Navy petty officer gets prison for trading classified info for cash
SAN DIEGO — A U.S. Navy petty officer who was based in Japan when he took cash and consumer electronics from a foreign defense contractor in exchange for classified Navy information was sentenced Thursday in San Diego to 27 months in federal prison.
Daniel Layug pleaded guilty in May 2014 for his role in the bribery scandal involving Singapore-based defense contractor Glenn Defense Marine Asia, which for decades provided port services to U.S. Navy ships in the Asia Pacific region.
Assistant U.S. Attorney Mark Pletcher said Layug is the first of nine charged defendants to be sentenced in the case.
Seven defendants have pleaded guilty and two are awaiting trial, according to the prosecutor.
Layug told U.S. District Judge Janis Sammartino that he was willing to accept whatever punishment she handed down. Layug apologized to his family and especially his father, who was also in the military.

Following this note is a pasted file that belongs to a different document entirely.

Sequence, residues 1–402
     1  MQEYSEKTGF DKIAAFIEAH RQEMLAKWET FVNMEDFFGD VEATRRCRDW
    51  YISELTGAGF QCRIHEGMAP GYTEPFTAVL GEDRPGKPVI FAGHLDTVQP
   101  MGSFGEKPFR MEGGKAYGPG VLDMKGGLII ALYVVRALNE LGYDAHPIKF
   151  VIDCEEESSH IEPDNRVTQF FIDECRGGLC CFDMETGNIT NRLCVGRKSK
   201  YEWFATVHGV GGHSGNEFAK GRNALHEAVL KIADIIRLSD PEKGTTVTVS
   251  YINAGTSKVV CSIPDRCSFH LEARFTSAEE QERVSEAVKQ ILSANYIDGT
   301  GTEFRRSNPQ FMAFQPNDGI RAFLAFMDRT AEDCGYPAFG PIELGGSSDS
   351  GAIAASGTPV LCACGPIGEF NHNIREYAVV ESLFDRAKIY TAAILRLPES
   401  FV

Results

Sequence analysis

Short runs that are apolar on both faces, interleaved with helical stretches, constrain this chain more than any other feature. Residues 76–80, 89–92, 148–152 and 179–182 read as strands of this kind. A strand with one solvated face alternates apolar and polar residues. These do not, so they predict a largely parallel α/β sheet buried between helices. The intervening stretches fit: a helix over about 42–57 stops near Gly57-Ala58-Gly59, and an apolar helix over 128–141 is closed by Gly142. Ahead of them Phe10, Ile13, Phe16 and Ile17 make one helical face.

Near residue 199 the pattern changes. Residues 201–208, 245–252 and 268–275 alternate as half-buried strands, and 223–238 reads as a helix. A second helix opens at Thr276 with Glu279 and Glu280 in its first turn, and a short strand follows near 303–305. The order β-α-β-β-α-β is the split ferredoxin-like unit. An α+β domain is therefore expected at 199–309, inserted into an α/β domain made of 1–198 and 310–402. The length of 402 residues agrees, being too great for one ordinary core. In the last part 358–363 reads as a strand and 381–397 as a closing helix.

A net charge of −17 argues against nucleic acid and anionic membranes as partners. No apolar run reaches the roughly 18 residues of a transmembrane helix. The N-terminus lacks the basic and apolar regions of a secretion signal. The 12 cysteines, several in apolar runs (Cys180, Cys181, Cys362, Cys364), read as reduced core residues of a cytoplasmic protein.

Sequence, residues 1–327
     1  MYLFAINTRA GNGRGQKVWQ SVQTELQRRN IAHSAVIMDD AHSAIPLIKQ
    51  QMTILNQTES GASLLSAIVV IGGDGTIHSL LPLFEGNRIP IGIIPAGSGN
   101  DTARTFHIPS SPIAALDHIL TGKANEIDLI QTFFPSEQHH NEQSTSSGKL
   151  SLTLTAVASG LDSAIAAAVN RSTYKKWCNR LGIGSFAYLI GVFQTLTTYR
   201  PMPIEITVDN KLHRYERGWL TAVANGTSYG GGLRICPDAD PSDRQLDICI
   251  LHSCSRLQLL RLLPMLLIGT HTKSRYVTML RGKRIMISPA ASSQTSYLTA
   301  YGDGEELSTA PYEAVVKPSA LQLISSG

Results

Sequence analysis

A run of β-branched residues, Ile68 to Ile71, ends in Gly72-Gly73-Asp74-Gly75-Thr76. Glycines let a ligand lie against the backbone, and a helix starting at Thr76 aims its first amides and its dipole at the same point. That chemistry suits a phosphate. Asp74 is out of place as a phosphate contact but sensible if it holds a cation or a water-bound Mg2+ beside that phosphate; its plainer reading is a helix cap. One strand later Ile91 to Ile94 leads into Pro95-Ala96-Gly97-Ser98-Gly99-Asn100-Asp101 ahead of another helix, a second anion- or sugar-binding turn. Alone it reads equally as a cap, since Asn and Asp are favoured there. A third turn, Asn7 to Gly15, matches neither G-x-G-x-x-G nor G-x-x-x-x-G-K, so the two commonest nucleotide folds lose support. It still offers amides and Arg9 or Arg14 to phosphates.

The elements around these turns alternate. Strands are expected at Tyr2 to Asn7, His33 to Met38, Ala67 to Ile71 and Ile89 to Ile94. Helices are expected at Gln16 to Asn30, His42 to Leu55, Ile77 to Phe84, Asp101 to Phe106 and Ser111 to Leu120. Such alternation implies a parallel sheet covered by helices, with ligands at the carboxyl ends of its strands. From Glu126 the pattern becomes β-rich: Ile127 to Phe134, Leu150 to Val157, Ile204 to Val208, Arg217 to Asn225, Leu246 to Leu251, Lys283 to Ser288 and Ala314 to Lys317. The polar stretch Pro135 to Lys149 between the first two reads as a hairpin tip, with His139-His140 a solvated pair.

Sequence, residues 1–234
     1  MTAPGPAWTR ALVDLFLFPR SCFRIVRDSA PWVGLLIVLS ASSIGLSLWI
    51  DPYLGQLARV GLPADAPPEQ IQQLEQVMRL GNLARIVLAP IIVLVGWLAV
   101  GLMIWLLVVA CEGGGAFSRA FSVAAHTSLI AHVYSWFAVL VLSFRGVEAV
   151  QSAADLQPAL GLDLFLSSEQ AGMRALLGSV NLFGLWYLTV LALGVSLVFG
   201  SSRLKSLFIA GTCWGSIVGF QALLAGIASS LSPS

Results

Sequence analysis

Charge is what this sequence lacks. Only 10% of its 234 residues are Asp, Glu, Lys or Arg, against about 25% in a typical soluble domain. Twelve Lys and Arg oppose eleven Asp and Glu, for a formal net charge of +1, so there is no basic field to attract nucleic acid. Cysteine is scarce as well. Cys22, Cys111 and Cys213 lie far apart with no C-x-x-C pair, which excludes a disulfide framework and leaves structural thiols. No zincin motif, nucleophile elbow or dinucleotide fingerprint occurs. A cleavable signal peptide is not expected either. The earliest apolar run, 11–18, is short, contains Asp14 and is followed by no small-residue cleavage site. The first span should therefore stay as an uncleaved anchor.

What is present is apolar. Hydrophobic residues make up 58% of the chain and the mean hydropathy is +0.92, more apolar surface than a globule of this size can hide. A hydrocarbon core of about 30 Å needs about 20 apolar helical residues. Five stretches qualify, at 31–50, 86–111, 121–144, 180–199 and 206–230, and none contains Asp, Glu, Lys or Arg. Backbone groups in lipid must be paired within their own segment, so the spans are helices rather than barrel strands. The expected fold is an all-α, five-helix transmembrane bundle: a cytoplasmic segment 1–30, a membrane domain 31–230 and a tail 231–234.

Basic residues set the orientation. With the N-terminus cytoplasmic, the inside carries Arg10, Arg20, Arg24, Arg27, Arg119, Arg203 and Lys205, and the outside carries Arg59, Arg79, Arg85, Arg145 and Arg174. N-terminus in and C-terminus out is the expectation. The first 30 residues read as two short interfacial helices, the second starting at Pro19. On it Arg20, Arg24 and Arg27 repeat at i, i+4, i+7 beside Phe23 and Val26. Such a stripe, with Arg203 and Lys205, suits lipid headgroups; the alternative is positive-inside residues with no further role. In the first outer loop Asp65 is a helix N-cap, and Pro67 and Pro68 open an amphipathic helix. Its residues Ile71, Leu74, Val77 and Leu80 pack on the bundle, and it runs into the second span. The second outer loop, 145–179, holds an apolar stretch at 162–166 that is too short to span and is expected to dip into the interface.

“I let my ego and my greed take over me,” Layug told Sammartino.
Rear Adm. Jonathan Yuen, Chief of Navy Supply Corps, told the judge that Layug’s actions represented a “fundamental betrayal of everything we stand for.”
Sammartino told Layug that he breached and violated his position of trust.
“You put our country at risk,” the judge told the defendant.
According to court documents, GDMA owner and CEO “Fat Leonard” Francis and his cousin, GDMA executive Alex Wisidagama, enlisted the clandestine assistance of Navy personnel — including Cmdr. Michael Vannak Khem Misiewicz, Cmdr. Jose Luis Sanchez, Naval Criminal Investigative Service Special Agent John Beliveau and Layug — to provide classified ship schedules and other sensitive information about the ongoing criminal investigation.
Layug admitted that he accepted a $1,000-a-month allowance from GDMA, plus luxury hotel stays for himself and others in Malaysia, Singapore, Indonesia, Hong Kong and Thailand.
He also admitted asking GDMA for numerous electronic devices, including a iPad 3, Nikon digital camera, Blackberry, VAIO computer, PSP gaming unit and Wii gaming unit.